On Jan. 2, President Maxwell issued a statement regarding the American Studies Association’s boycott of Israeli Institutions of Higher Education. Maxwell stated his opposition to the boycott by characterizing it as “antithetical to the fundamental principles of academic freedom” and said that it would “undermine change.”
I find Maxwell’s statement and characterization of the boycott problematic.
If Maxwell’s goal is to promote academic freedom and free expression, he would have supported the American Studies Associations academic boycott.
Maxwell’s statement ignores Israel’s continuous onslaught on Palestinians’ academic freedom. Israel’s academic institutions promote ongoing discrimination of Palestinian students, which denies their academic freedom.
However, this discrimination by Israeli institutions is not the only incursion on Palestinians academic freedom.
According to The Guardian, during the latest Israeli military offensive, “26 Gaza schools were destroyed during the war, and another 232 sustained damage.” Another aspect of the conflict is annexation of Palestinian land, which Israeli academic institutions have been complicit in.
These are merely some of the ways that Israel denies academic freedom to Palestinians.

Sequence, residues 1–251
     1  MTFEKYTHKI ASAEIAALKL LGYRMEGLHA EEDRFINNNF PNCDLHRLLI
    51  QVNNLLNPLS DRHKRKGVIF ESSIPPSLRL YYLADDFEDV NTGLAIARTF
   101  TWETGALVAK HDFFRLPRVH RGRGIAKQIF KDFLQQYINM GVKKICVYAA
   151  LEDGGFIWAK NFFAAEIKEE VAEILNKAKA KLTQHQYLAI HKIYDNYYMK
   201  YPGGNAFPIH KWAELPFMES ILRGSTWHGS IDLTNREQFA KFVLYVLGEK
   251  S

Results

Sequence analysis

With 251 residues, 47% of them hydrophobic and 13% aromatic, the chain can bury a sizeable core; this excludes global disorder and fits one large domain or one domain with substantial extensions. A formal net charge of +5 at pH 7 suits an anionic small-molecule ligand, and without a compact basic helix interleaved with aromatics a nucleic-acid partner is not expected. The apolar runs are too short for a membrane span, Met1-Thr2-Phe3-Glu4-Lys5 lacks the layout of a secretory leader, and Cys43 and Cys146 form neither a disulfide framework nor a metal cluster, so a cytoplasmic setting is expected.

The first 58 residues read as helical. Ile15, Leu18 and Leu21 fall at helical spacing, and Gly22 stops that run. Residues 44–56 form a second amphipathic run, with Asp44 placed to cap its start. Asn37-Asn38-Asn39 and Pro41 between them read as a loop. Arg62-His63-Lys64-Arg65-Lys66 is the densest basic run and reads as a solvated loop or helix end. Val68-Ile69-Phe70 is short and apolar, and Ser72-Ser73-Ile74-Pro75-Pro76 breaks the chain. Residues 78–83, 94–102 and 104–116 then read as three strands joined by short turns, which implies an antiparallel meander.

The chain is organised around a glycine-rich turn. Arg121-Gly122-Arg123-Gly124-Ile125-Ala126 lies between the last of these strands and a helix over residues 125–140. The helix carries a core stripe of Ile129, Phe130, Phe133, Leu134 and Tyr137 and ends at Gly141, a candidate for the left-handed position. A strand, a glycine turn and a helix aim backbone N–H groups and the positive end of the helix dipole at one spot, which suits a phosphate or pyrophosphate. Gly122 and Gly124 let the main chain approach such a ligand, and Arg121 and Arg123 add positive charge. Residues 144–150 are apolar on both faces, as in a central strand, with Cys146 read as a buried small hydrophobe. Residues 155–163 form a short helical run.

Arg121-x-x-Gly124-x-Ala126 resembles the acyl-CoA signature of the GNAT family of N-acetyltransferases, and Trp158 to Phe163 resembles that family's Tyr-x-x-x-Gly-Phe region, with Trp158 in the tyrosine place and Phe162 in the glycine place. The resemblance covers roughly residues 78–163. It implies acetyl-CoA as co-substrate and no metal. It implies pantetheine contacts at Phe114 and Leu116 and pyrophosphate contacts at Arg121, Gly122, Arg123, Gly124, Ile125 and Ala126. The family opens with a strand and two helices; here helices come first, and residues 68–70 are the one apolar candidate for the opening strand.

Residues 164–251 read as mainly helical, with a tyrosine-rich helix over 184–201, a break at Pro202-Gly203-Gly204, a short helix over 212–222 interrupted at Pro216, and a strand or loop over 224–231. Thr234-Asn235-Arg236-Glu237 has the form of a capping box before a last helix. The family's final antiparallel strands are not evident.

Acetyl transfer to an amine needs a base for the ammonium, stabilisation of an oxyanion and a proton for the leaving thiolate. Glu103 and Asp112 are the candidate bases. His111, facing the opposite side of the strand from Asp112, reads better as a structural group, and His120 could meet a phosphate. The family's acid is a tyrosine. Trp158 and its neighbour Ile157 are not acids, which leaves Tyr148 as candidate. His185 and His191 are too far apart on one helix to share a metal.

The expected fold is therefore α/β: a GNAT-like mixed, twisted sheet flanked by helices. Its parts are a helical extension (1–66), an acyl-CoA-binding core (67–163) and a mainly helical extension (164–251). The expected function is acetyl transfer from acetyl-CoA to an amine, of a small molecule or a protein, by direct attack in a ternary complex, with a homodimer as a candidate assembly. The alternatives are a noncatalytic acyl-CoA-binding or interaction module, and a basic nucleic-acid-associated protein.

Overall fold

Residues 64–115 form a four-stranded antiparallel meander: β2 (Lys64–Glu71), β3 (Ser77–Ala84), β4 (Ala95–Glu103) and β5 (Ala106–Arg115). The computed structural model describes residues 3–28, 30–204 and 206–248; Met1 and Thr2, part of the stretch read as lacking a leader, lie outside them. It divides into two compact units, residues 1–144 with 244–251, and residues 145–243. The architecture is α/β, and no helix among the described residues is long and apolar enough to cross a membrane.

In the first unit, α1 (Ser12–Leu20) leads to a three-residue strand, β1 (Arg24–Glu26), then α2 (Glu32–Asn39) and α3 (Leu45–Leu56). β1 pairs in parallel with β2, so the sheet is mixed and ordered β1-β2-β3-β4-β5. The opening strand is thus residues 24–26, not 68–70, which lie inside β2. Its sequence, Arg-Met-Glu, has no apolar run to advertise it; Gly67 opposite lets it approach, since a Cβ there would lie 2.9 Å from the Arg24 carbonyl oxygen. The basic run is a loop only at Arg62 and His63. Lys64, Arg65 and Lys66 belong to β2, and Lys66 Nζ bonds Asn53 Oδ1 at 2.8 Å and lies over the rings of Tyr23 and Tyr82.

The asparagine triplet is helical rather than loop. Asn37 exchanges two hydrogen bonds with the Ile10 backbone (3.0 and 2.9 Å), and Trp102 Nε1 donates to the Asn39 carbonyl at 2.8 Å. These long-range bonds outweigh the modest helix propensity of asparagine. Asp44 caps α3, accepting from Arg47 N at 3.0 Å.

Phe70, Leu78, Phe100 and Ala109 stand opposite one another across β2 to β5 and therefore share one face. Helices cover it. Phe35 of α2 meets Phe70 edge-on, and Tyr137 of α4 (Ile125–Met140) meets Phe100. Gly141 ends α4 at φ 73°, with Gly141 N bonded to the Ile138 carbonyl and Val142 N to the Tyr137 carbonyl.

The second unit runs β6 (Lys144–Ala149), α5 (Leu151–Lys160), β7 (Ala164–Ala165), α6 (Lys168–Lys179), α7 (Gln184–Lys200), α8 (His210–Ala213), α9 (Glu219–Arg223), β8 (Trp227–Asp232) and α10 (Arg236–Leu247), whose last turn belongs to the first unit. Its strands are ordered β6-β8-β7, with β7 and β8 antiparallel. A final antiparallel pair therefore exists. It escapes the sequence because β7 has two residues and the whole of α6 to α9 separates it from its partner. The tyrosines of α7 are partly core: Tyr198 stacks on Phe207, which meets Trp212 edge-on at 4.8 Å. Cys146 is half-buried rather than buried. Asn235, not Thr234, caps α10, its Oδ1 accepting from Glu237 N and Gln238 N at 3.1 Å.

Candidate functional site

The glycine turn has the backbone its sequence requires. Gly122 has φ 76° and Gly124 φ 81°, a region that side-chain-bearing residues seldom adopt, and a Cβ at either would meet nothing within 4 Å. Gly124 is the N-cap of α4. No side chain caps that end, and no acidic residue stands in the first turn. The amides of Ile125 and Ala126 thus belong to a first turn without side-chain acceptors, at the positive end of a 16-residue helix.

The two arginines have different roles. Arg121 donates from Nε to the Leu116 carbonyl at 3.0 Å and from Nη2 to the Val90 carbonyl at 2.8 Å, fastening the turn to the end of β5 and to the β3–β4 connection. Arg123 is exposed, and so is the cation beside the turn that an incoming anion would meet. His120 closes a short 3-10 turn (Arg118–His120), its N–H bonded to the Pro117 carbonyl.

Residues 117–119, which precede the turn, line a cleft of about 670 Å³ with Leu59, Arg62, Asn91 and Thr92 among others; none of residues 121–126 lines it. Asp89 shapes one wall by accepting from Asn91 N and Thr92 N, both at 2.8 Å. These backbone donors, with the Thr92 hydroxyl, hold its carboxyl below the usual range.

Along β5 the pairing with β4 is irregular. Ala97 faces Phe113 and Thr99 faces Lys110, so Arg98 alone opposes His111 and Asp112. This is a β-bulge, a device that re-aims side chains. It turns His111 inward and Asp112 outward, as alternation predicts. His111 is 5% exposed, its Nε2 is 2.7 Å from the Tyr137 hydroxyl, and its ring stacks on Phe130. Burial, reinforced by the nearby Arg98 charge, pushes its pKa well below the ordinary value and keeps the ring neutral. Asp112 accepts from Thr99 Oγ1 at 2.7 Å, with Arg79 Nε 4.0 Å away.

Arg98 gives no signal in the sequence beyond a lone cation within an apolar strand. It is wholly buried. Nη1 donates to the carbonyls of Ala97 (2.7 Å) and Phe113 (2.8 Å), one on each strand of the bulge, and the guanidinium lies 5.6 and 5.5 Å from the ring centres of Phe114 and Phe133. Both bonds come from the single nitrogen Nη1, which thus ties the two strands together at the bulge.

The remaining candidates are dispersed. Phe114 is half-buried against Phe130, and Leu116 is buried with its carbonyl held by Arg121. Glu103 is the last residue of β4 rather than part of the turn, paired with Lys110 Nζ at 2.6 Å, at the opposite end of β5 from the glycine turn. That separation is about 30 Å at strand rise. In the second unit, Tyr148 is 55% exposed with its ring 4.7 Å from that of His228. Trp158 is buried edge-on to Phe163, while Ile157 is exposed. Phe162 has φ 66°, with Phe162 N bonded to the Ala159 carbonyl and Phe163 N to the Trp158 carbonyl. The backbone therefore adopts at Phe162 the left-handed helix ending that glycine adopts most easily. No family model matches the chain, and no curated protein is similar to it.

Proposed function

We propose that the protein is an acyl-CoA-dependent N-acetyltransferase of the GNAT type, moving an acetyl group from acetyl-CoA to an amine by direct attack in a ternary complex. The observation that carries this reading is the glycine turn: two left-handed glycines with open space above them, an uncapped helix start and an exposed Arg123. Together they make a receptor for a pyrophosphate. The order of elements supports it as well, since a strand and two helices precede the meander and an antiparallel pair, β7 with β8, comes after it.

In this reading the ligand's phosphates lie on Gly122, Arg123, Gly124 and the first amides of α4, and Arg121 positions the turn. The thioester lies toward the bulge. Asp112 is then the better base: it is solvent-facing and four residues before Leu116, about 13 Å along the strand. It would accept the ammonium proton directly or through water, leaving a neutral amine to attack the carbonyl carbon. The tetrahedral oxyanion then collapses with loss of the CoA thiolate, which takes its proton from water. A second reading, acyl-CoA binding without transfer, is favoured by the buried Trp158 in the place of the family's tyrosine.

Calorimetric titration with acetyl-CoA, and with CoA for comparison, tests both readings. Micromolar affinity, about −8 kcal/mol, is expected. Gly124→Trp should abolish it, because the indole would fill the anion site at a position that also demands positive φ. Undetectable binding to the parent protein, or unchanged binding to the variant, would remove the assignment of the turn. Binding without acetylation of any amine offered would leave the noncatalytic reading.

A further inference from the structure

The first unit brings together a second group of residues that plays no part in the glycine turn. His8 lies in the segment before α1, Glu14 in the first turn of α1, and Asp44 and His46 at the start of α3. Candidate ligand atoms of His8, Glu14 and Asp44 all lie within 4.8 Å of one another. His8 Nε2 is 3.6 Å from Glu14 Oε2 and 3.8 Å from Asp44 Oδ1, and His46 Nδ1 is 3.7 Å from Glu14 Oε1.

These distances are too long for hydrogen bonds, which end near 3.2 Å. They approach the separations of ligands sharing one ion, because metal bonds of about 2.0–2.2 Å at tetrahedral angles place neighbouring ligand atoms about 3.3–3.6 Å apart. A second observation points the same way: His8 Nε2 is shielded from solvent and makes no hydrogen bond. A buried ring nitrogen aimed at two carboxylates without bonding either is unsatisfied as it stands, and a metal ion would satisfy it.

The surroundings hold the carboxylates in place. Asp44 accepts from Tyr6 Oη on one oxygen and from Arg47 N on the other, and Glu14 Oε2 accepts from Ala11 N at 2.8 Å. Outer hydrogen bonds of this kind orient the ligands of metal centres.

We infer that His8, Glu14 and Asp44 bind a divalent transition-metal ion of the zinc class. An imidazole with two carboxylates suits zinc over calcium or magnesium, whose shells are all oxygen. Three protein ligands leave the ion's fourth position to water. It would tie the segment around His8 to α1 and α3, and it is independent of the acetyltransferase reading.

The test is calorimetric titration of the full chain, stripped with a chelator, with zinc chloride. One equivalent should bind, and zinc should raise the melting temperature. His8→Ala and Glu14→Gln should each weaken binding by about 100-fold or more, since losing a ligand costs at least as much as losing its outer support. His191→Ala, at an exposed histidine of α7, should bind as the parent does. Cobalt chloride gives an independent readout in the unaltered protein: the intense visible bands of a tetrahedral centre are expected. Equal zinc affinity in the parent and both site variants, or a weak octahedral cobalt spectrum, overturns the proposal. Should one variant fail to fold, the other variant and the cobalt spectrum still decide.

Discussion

Maxwell also stated that the academic boycott “undermines change.”
However, this seems to ignore the precedent of effective resistance against apartheid. Boycotts, including academic boycotts, played a significant role in changing the racist policies of the South African government.
The effectiveness in creating change has been highly documented by Nelson Mandela’s political party, the African National Congress. Israel and South Africa share many similar characteristics, so similar tactics used to end apartheid in South Africa can be used to end apartheid and oppression in Israel.
If Maxwell truly stands for academic freedom and freedom of expression, he should reassess his stance and think about the oppressed Palestinians and Israel’s denial of their freedoms.
CONOR MURPHY, email@example.com